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Wednesday, July 28, 2010

Brand Lessons Learned from PR Sarah Evans

One year ago, PR Sarah Evans worked as Communications Director for a Chicago-based community college. During that time, she was abuzz on Twitter with the handle “@prsarahevans” building relationships with thought leaders and celebrities most people would only dream of having in their Twitter stream. Within the same year, Evans became a guest writer for top social media blog Mashable and founded #journchat, a Twitter-based chat for public relations professionals and journalists that is now the buzz of CNN and Fox. In 2010, Evans made two big announcements – she was featured in Vanity Fair as one of “America’s Tweethearts”, and had started her own new media consultancy Sevans Strategy that apparently boasts a six-figure client roster, according to Entrepreneur’s “10 Hot Startups.”

This now 29-year old PR/Social Media/Twitter rock star is quite frankly the most remarkable brand case study to come out of social media. Can it be that social media has afforded us limitless opportunities comparable to Evans’ if we only work hard at engagement? PR Sarah Evans has done what we all aspire to do using social networks: branding ourselves as a reliable resource. Implicit in this aim is a focus on trust as well as availability. So much trust that you’re exchanging tweets and e-mails with social/PR celebs Gary Vaynerchuk and Peter Shankman. So much availability that when an earthquake hits Chicago at 4 a.m., you take to Twitter and your tweet catches the eye of New York Times reporter Jen Preston – resulting in opportunity after opportunity.

Intrigued by her many successes, I decided to reach out to PR Sarah Evans with some questions on how we, as PR and social media practitioners, can build our brands more effectively. And in PR Sarah Evans fashion, she came through. Here’s what she had to say:

What advice do you have for building a brand online?

With more than 43,773 tweets per minute, developing your brand so that it stands out online is a challenge. Envision a goal, and know what you want to accomplish – whether it’s building a business, establishing yourself as an expert, connecting with peers or meeting bloggers or journalists. Map out your execution and make sure you have the time to dedicate to this project, along with an exit plan. You’ll need to take the time to (1) monitor your brand on a regular basis, (2) manage updates and establish routine/habits to your social media accounts by reading, responding and sharing, (3) find ways to publicize your brand and (4) monitor your results.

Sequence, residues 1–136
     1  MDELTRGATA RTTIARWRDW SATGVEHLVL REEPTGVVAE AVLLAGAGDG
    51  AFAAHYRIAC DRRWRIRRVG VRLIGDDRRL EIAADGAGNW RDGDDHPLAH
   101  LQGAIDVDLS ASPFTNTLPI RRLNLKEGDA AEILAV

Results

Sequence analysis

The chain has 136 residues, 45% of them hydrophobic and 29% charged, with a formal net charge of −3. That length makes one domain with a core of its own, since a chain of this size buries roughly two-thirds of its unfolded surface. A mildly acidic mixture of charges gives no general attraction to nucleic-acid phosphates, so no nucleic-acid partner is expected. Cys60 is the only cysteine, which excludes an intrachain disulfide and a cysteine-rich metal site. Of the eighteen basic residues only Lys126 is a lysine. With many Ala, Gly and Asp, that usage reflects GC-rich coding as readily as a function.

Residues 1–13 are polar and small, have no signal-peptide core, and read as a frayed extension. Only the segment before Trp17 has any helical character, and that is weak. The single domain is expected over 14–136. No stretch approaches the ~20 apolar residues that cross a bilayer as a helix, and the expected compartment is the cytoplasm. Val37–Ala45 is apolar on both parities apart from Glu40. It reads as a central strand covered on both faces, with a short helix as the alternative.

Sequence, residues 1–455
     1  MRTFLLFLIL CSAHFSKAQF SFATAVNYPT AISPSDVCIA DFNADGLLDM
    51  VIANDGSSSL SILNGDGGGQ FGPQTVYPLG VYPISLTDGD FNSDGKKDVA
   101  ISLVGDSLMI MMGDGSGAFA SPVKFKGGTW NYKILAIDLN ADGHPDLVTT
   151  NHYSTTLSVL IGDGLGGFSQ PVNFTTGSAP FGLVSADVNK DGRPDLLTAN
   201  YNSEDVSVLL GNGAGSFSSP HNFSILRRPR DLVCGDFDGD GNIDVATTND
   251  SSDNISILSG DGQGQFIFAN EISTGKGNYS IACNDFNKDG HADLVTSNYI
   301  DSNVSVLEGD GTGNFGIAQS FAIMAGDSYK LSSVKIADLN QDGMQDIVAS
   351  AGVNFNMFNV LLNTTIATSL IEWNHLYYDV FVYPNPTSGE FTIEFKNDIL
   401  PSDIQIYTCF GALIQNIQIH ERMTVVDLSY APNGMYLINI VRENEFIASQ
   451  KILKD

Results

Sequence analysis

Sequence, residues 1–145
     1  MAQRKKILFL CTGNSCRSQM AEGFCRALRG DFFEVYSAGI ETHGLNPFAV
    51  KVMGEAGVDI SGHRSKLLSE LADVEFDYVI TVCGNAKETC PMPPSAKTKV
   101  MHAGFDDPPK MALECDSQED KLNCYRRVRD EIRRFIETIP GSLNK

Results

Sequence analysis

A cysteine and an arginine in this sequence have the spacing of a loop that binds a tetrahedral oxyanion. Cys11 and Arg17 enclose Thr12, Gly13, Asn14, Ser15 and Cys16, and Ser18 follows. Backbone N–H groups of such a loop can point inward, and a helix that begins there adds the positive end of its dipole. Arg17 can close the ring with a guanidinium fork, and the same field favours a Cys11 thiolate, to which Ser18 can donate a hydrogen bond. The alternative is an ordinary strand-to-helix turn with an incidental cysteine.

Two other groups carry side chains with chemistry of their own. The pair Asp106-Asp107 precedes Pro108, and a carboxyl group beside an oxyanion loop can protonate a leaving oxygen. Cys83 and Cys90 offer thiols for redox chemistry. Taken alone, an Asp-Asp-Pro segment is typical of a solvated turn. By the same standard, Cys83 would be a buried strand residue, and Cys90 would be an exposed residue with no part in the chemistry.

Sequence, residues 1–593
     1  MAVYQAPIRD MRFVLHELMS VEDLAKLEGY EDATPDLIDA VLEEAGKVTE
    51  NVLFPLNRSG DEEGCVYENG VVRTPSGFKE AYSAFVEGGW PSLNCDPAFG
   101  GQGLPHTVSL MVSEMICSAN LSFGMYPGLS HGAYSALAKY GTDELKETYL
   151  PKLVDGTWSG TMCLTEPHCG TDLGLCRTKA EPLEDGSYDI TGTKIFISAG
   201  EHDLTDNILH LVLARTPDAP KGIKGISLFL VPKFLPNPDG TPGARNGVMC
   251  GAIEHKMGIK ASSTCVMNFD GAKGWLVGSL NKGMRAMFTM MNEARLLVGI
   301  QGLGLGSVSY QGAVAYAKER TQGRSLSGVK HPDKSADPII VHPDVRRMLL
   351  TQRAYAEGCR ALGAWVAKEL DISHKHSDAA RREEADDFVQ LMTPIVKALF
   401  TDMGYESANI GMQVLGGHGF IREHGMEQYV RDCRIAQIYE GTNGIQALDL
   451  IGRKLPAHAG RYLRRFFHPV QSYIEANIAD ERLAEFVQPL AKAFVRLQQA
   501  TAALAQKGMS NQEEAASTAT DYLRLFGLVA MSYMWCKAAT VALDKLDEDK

What are the biggest misconceptions of social networking or as critics would like to say “social not-working”?

Creating a Facebook page or a Twitter account is not a business strategy. Social media tools can support an overall plan and objective, but they shouldn’t stand on their own.

Moreover, don’t start a Facebook page or a Twitter account and panic when people start posting on your wall or tweeting with you. Social media is SOCIAL, it’s about sharing information and creating meaningful relationships. Social media is not about advertising your brand by pumping out “key messaging.” Instead, have fun and interact with those around you -- treating your peers like human beings, not dollar signs.

Tell me more about the earthquake that resulted in some earth shattering new business opportunities.

I’ve met many milestone achievements using social media. One milestone made earlier this year started with a 4 a.m. earthquake that hit Chicago. A strange occurrence, rather than go back to sleep, I picked up my phone and tweeted about it. Others in the area began responding and sharing information. CNN iReport picked up on the chatter, followed by a phone call from Jen Preston at the New York Times at 5:04 a.m. Ten minutes later, the article went live on the front page of the NY Times website. An hour after that, my cell phone rang AGAIN, and this time it was CNN iReport associate producer Katie Hawkins-Gear, directing people to my iReport article, which was later mentioned on the front page of, resulting in 6,240+ views. This led to five new (and viable) business inquiries in four hours.

What are your biggest pet peeves when people share content online?

My biggest pet peeve? People who aren’t genuine online. This can range from failure to provide full disclosure when tweeting about a client or writing a paid blog post to people claiming to be something they aren’t – a social media “pro” or “guru.”

What social networks, besides Twitter, are great channels for branding oneself?

With every day that passes, social media evolves and new tools emerge. Besides Twitter, other useful branding tools include Facebook fan pages, LinkedIn groups, tribes, blogs – the possibilities really are endless.

Indeed, the possibilities do seem endless for PR Sarah Evans. And who knows—if we follow suit, we may garner our own successes in social media.

Tim Otis is Supervisor of Social Media/PR for Gabriel deGrood Bendt (GdB). Apart from his work at GdB, he enjoys reading @prsarahevans' tweets and bringing his own ideas and content to the Twitter table.